Re: Inherit the Wind

From: Robert Schneider <>
Date: Mon Jan 19 2004 - 09:21:28 EST


    I think Dr. Owen was making a joke of it. I'm uncertain that the Butler
Act covered private institutions of learning. Do you know?


----- Original Message -----
From: "Ted Davis" <>
To: <>; <>; "Michael Roberts"
Sent: Tuesday, January 20, 2004 8:57 AM
Subject: Re: Inherit the Wind

> I'm very suspicious of Bob's comment below, about his professor sending in
> $100 annually and proceeding to teach evolution.
> Although the Butler Act was on the books in TN until the 1960s, it was not
> enforced following the Scopes trial. No one, flat no one, was prosecuted
> other than Scopes--who of course had consented to the request of the head
> the school board (i.e., his boss) to stand trial, even though he was not
> sure he had actually taught evolution. The state Supreme Court did hear
> case on appeal, but ducked the constitutional issues by sending it back
> to a lower court.
> Thus, I would suggest that Bob's professor was making a show out of
> this--indeed, since the trial was a show trial in the first place, he was
> making a show out of a show. That is, if he actually did do this (as
> opposed to saying that he did, which could be taken as an appropriate
> joke).
> ted
> >>> "Robert Schneider" <> 01/18/04 06:29PM >>>
> Michael,
> I first saw "Inherit the Wind" in college as a film when it was first
> released. I was attending the University of the South in Sewanee, TN.
> Having accepted evolution and having found no conflict with my
> of creation, I was not prepared to look at the firm objectively and
> critically, and of course cheered on the Clarence Darrow character. After
> all, I was studying in a town just a few miles down the road from Dayton,
> TN, where, until the Tennessee anti-evolution law was repealed, my biology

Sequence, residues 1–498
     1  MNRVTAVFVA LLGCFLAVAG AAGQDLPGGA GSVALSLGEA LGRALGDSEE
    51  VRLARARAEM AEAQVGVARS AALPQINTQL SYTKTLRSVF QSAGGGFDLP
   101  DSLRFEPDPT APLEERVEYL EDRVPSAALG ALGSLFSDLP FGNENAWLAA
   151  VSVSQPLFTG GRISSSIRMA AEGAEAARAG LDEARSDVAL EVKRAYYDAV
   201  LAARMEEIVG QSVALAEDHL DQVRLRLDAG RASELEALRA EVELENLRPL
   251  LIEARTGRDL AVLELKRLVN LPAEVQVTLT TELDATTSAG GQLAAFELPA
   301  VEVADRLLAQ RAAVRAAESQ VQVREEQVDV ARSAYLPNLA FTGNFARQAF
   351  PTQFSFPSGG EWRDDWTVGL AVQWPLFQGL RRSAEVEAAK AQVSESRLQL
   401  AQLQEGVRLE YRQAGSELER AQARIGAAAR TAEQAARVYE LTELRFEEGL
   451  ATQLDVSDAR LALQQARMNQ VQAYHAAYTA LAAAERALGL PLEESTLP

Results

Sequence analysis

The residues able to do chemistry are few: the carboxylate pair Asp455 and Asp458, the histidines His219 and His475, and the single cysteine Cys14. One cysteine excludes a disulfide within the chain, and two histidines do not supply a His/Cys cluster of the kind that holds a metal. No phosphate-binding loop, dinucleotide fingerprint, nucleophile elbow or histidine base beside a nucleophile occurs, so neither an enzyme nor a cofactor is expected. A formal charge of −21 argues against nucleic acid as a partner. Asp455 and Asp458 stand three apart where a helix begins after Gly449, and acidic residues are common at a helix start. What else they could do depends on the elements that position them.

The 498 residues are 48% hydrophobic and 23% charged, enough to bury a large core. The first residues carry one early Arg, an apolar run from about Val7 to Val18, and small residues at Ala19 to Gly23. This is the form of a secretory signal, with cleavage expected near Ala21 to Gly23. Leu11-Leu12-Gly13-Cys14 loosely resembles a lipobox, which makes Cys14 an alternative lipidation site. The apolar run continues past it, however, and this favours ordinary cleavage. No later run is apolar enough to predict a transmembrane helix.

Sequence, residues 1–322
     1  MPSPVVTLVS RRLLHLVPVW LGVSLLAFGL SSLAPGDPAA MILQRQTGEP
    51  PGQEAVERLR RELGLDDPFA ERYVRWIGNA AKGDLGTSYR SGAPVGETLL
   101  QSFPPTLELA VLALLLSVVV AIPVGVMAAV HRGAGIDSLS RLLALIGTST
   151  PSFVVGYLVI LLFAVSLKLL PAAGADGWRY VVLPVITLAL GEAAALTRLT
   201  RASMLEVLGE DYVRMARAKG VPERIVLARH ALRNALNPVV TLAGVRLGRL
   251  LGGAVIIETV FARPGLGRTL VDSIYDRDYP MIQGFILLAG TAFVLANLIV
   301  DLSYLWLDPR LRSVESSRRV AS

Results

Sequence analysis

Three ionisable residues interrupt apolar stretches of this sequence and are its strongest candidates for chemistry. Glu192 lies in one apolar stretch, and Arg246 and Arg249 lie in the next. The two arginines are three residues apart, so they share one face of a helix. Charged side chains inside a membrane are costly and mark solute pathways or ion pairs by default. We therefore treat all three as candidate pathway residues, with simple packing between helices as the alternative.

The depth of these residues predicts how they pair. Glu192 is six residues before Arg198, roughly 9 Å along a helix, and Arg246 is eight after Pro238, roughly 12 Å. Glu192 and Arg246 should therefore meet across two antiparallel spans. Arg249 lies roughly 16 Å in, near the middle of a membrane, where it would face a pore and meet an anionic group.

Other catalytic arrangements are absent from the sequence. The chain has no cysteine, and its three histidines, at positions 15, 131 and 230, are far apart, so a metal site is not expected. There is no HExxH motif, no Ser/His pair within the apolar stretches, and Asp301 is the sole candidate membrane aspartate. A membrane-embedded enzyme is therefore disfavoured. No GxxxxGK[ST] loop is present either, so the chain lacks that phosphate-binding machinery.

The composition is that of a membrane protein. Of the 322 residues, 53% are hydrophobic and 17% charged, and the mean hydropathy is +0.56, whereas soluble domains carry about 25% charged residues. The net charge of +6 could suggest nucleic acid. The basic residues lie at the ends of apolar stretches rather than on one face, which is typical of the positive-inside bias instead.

> professor Dr. Malcom Owen sent in his $100 fine yearly and proceeded to
> teach his course in evolution.
> Later, as a young professor at Berea College in Kentucky, I saw a
> performance by the college's drama department. By that time I was able to
> look at the presentation with a more critical eye. As I had lived in the
> South long enough to gain a better understanding of mountain religion, I
> could see more of the caricature of fundamentalism that the play
> and I recognized that the portrayal of the William Jennings Bryan
> also did the real Bryan less than justice. However, I also discovered
> the playwrights had taken most of the courtroom dialogue directly from a
> transcript of the trial. Those dramatic scenes in the courtroom, I came
> see, were a more or less faithful representation of the trial itself.
> Finally, there is a scene toward the end where the Bryan character
> attempts to read the speech to the assembled that the judge had not
> permitted him to read into the record. In the play/film, the charcter has
> stroke and dies in the courtroom. Actually the real Bryan died four days
> later. I recommend that anyone who can get their hands on it read Bryan's
> speech. It is a revealing window into Bryan's thinking about evolution,
> it becomes clear that the major concern of this populist politician and
> moral leader was the destructive influence of Social Darwinism in American
> culture. Several years ago Stephen J. Gould wrote an appreciative essay
> about Bryan and gave him credit where credit was due.
> Bob Schneider
> ----- Original Message -----
> From: Michael Roberts
> To:
> Sent: Monday, January 19, 2004 4:58 PM
> Subject: Inherit the Wind
> Those who have watched this film with Spencer Tracy will have enjoyed
> What I want to know is what you thought of it when you first saw it.
> Did you think it was a basically correct film portrayal of the Scopes
> trial or what?
> Please be honest as I want some comments to test some ideas
> Michael
Received on Tue Jan 20 09:20:53 2004

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